The Oregon Tea Party's latest project is a bus.

The anti-tax movement has been given a former city bus by a donor, and is using it to drive canvassers into contested House districts to stump for conservative candidates.

"We had a bus donated that we decorated with Tea Party memorabilia that we're using to get out the vote," says Jeff Reynolds, a member of the Oregon Tea Party leadership council. "We can drive around the district with the candidate's signs in the windows, getting out the message."

Shipping out volunteers on a bus has been a decade-long hallmark of the Bus Project, the Portland-based voter registration group founded by Rep. Jefferson Smith (D-East Portland). In recent months, Bus Project volunteers have run into organized resistance from Republicans in Clackamas County.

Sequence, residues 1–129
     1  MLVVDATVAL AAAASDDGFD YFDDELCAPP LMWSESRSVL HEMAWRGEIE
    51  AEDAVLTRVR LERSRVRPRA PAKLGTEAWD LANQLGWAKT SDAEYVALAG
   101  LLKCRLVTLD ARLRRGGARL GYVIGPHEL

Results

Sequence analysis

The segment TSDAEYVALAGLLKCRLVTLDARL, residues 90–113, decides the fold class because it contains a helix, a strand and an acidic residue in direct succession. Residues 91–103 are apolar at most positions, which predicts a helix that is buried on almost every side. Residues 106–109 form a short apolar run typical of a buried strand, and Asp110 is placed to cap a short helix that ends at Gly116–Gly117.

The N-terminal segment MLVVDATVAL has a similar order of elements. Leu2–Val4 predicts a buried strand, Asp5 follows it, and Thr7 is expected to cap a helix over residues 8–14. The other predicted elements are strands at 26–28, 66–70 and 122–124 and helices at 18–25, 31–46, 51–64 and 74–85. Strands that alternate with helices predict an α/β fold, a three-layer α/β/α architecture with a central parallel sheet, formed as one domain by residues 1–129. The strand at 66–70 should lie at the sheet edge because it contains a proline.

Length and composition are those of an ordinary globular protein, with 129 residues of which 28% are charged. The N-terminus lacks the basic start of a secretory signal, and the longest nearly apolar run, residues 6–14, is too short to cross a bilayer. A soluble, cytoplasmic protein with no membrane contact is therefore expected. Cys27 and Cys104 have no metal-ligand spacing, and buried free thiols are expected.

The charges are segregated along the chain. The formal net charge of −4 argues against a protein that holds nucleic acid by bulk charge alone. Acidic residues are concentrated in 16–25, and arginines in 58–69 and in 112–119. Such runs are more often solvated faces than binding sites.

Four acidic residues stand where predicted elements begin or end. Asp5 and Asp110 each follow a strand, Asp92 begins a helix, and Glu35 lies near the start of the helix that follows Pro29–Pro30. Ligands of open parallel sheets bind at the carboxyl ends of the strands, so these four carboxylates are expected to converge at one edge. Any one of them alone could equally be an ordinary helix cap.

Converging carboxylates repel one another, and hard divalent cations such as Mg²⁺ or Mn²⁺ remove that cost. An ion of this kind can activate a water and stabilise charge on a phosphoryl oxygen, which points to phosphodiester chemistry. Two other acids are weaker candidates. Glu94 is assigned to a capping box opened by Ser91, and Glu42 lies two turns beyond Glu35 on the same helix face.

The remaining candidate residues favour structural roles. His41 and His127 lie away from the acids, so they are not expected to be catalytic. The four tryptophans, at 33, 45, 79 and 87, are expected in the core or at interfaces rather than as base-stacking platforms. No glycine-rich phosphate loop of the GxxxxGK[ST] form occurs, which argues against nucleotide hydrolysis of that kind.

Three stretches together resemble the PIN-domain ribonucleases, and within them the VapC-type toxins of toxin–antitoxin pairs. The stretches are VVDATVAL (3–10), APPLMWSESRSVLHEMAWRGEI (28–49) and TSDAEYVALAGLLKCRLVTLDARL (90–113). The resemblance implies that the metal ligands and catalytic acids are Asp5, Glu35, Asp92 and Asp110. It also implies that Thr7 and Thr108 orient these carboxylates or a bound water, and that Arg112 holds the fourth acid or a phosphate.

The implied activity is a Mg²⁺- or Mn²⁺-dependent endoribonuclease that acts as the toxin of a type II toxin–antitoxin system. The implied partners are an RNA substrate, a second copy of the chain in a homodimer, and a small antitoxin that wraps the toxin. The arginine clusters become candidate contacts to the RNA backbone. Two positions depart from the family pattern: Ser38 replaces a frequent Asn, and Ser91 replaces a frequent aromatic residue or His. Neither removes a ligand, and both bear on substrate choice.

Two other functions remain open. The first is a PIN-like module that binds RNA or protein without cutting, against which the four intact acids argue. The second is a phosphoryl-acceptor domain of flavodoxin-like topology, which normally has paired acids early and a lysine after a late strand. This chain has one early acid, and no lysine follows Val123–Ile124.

The Tea Party's bus, dubbed the "Freedom Bus," is a marked rejoinder to the often-liberal Bus Project—though its drivers say the echo is accidental.

Its port side reads "Limited Government, Fiscal Responsibility, Free Market Principles," and its back is stamped with a quote from Ronald Reagan's farewell address: "Man is not free unless government is limited."

The Tea Party bus made two inaugural canvassing trips last weekend. On Oct. 13, it sent about 20 volunteers to knock on doors for Scott Hansen, a Republican candidate for State Senate in East Multnomah County's District 25. It drove to Albany the next day to support Art Robinson, a Cave Junction chemist challenging U.S. Rep. Peter DeFazio (D-Oregon).